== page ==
14 Special Education Evaluation
Evaluation must provide data to verify that the student: meets eligibility criteria components and demonstrates a need for special education services.

15 Steps: The Basics of Special Education Process under IDEA
10 Steps: The Basics of Special Education Process under IDEA Step 3. Eligibility is decided based on the information collected during the evaluation process.

16 Special Education Eligibility
Child has a disability IDEA NO Child is not eligible For special education YES Child’s disability adversely affects his/her educational performance NO Child is not eligible For special education YES Child receives specialized Instruction (Special Education) YES NO Special Education Eligibility Does child need a related service to benefit from Specialized instruction (Special Education) YES How much & what type of Related service does child Need to benefit from Specialized instruction

17 Minnesota Disability Categories
Autism Spectrum Disorders (ASD) Deaf/Hard of Hearing (DHH) Emotional or Behavioral Disorders (E/BD) Deaf-Blind Developmental Cognitive Disability (DCD:MM or DCD:MS) Specific Learning Disability (SLD) Other Health Disabilities (OHD) Severely Multiply Impaired Speech or Language Impairments (S/L) Visually Impaired (VI) Traumatic Brain Injury (TBI) Developmental Delay Three through six Infant & Toddler Intervention Service Birth through two Physically Impaired (PI) Developmental Adapted Physical Education (DAPE)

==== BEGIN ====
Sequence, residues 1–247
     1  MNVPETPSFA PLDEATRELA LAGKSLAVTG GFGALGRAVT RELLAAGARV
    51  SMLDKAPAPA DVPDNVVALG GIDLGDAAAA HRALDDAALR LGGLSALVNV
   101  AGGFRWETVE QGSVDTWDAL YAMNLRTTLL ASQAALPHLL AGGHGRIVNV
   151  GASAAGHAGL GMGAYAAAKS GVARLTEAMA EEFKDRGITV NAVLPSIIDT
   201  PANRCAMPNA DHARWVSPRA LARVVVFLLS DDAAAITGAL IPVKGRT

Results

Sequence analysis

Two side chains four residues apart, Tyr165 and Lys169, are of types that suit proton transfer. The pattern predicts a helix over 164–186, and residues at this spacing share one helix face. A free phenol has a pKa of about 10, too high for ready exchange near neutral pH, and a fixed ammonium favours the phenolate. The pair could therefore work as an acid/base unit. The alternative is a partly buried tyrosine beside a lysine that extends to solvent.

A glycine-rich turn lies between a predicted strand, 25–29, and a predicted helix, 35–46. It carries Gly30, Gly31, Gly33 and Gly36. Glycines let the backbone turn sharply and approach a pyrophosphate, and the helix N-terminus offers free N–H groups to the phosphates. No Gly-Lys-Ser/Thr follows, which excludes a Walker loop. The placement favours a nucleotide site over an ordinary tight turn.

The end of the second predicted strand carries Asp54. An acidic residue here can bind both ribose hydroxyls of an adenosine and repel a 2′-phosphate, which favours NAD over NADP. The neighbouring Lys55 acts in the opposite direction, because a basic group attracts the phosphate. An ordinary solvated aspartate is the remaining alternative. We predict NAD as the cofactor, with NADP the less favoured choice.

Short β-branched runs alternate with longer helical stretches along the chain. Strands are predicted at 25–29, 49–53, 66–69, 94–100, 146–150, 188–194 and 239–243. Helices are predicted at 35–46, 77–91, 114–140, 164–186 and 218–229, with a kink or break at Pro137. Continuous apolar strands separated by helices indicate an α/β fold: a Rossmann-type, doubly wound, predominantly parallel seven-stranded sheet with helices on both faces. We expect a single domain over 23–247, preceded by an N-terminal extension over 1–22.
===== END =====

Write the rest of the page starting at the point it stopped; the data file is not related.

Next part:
18 Steps: The Basics of Special Education Process under IDEA
10 Steps: The Basics of Special Education Process under IDEA Step 3. Eligibility is decided Yes Step 4. Child is found eligible for services and is in need of special education services.

19 Steps: The Basics of Special Education Process under IDEA
10 Steps: The Basics of Special Education Process under IDEA Step 5. IEP meeting is scheduled

20 Who must be include on the IEP Team?
The parents of the child. Regular education teacher (not less than 1) Team member licensed in a pupil’s disability Licensed special education provider District Representative Student

21 Excusing a Member from Attending the Meeting
Being “excused”—New provisions in IDEA 2004! When a member of the IEP Team’s area is NOT being modified or discussed, the member may be excused from attending the meeting, in whole or in part, under two conditions: Parents and LEA must agree that the member’s attendance is not necessary Parents’ agreement (and the LEA’s) must be in writing

22 Excusing a Member from Attending the Meeting
May a certain member of the IEP Team be excused if his or her subject area is going to be discussed? Yes, if: Parents and LEA consent to excuse the member Member submits, in writing to the parent and the IEP Team, input into the development of the IEP before the meeting Parent consent to excuse any member must be in writing

23 Steps: The Basics of Special Education Process under IDEA
10 Steps: The Basics of Special Education Process under IDEA Step 6. IEP meeting is held, and the IEP is written

24 IDEA’s Definition of IEP
§300.22 § — §

25 The IEP Team must consider…